This year, when The Pulitzer Prizes were announced, the not entirely delightful news is that no Pulitzer was awarded in drama.
While the decision is unsettling, the prudence of it must be acknowledged, since, affection for the theater and those who make it aside, there was no drama to consider.
Let us have the courage to ask why and, along the way, try our best to understand everybody’s culpability or innocence.
If you keep tabs on Broadway, just so you’ll know if, by some surprising concatenation of events, a drama you might actually be interested in seeing comes along, you know that the usual fare this past season was once again a series of enthusiastically promoted trifles.
But the financial realities on Broadway make it exceedingly chancy for producers to put up anything that isn’t already proven at the box office and, even more importantly, with the critics, who can even disable a previous box-office success. All very understandable. The producers are not in the business of nourishing unproven works, no matter how worthy they may suspect or be advised they are. Not understandable.
The small and regional theaters are seldom managed by people who have any sense of what mainstream appeal might be or they very likely wouldn’t be working in a little or regional theater. Perfectly understandable.
Even if a small or regional theater puts up a work that might attract a wider audience than the reliable coterie whose interests are decidedly offbeat, the likelihood that a well-known critic or even a second-string critic will show up is discouraging. Understandable. During the theater season, little theaters put up shows with withering frequency in New York and all over the country. The critics whose names people might known do not flock to any production that doesn’t have some kind of major preproduction cache. Their primary job is to review the little shows in the big venues, not the remotely possible big show in a little venue, and their secondary job, should they occasionally be inspired to assume its obligations, is to cherry pick smaller productions that present some precondition of influential interest. Also understandable.
The current crop of critics, when confronted by a work in any theatrical venue that smacks of being mainstream, are unlikely to find it suits their own offbeat temperaments. Not understandable. It is such temperamental selectivity that prevented, among countless lesser knows, a relatively mainstream playwright like Arthur Miller from getting a rave review during the last two or three decades of his life, and even a popular confectioner like Neil Simon from getting one for many years.
The inescapable fact is, offbeat people usually prefer offbeat works. Very understandable. We’re all human.
But what would be really refreshing is for a major critic or two to surface whose tastes would incline them to help nourish intelligent theater that deals with the major text and subtext of contemporary mainstream American life. Once we were fortunate enough to have them, like the legendary Brooks Atkinson and the more recent Walter Kerr, we could be far more hopeful that mainstream works would have a chance of surfacing. After all, critics are the first significant audience for any work, and so they are necessary partners in the attempt to rejuvenate intelligent and widely relevant American theater.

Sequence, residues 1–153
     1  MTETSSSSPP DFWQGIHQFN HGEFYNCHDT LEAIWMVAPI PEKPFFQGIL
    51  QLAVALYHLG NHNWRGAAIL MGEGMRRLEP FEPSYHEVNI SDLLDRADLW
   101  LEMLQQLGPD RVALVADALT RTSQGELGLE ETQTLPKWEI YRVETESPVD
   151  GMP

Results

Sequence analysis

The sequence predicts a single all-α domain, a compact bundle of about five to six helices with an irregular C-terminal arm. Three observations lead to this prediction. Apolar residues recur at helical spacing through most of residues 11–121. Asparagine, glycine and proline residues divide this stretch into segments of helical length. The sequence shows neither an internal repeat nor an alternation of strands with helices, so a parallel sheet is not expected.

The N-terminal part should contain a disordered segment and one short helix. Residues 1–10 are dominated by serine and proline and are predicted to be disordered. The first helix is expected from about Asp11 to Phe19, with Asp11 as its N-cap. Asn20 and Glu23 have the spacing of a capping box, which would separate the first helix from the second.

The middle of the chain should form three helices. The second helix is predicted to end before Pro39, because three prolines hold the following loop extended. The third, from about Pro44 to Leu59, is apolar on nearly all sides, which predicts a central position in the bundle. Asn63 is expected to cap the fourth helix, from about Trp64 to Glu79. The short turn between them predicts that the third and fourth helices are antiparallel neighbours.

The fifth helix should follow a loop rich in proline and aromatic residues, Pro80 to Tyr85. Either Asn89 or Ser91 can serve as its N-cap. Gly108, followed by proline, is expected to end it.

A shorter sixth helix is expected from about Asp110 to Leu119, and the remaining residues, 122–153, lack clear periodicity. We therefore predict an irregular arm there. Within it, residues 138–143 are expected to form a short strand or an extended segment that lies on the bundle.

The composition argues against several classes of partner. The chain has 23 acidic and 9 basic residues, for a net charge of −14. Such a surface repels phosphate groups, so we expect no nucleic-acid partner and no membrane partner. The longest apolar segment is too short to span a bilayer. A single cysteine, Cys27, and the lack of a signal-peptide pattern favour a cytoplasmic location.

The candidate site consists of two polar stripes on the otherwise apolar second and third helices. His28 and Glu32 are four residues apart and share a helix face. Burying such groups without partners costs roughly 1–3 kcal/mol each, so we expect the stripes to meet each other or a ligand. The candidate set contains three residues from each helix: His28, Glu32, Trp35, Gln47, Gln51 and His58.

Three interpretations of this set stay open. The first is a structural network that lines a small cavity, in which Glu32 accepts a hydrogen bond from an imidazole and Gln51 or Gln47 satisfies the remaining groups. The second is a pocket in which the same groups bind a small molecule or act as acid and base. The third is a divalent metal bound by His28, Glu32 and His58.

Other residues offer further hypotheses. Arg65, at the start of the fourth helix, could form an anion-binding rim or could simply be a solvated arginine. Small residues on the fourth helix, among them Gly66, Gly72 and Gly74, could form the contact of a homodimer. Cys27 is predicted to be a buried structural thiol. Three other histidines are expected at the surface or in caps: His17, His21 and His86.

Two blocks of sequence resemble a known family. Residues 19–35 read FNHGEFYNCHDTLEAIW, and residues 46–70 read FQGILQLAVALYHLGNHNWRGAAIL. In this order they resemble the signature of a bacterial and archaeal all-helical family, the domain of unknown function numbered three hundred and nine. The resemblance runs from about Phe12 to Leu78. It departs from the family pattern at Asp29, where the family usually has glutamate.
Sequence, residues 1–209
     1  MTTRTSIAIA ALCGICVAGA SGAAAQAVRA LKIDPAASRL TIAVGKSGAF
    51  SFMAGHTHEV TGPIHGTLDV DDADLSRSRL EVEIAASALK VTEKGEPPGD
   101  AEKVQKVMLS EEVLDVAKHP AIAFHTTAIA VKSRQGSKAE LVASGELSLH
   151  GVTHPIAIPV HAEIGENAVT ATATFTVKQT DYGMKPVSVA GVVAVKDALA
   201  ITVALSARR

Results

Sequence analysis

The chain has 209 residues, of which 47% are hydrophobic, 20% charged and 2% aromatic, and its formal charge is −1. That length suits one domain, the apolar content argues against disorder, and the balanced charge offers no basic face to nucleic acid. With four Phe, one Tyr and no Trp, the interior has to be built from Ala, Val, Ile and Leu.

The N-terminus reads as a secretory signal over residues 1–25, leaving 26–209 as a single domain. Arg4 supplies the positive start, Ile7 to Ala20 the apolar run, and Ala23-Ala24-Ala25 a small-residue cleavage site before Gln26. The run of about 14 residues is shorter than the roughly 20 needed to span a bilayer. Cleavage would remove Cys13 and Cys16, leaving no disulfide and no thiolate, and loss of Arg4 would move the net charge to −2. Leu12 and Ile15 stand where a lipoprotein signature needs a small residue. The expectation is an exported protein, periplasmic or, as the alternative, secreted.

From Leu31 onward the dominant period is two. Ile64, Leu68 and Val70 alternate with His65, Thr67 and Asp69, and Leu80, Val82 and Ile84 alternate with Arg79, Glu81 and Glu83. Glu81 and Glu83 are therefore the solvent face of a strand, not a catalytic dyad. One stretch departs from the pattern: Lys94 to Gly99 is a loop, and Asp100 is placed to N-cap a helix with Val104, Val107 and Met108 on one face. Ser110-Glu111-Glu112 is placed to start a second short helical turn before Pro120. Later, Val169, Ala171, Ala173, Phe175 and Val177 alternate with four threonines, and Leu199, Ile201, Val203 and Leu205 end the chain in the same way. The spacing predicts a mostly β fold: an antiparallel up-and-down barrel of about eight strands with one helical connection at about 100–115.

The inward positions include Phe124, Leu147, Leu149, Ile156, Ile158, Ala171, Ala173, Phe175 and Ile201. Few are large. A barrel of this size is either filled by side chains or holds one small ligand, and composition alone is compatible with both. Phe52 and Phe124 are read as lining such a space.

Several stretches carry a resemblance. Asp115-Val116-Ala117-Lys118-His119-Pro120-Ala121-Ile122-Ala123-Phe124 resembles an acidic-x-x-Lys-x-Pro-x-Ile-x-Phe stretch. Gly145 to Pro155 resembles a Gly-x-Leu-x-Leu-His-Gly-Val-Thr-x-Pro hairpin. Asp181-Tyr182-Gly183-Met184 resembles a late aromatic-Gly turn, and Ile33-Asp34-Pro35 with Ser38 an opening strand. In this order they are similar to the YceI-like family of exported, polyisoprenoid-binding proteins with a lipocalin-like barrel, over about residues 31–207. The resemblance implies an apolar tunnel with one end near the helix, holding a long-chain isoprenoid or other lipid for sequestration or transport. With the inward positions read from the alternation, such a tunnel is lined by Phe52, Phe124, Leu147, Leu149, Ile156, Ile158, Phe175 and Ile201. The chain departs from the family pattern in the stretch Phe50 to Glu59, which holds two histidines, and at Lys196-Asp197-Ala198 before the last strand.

As for the playwrights, we must understand their plight, too. Simply put, comes the hopeful new playwright with a mainstream sensibility, where can he hope to find an outlet? And, if he does, can he hope to have a critic show up, let alone one who is on the same page with his sensibility? Quite a rare and, year after year, an apparently impossible combination.
Even Actors Equity is aligned against the poor talented soul. Should the playwright somehow find a theater that will put us his or her work, he or she will get what is known as a showcase presentation, which provides for four weeks of rehearsal and a four-week run, possibly extended to five weeks. Since the rehearsals must be conducted with actors who have to participate in their spare time, due to the meager honorariums showcase appearances provide, it’s difficult to get a production that does the work justice. And a four-week run simply is not long enough to build word of mouth.
Between the scarcity of venues that have a predisposition toward a playwright who has a sensibility that might reach mainstream America, the difficulty of getting a production that showcases the work in a way that renders whatever excellence it may hold, the brevity of the run, and the scarcity of critics who might arrive, compounded by the unlikely prospect that any who do might appreciate it, can we blame the playwright who finally decides that he’s involved in a hopeless puzzle that, at best, is merely baby sitting him as an intellectual. Is it any wonder that he may sulk between disappointing efforts and finally walk away into a writing career where there is some hope of getting somewhere. Understandable, at least.
So there you have, as best as we can explain it, why no Pulitzer was awarded for drama.
But we could never leave you without whatever hope there might be.
The one factor that hasn’t yet entered contemporary theater that has influenced, for better or worse, film and television, is the advent of the self-funded writer-producer. Considering the gauntlet that faces the mainstream playwright without his or her own resources, such a writer-producer, maligned as he may initially be as self-aggrandizing by the theatrical establishment, may be the only hope left.
Meanwhile, we must reluctantly admit, better not to award the Pulitzer at all than to award it to a trifle, masquerading as a piece of consequence. At least, some sort of standard has been indicated.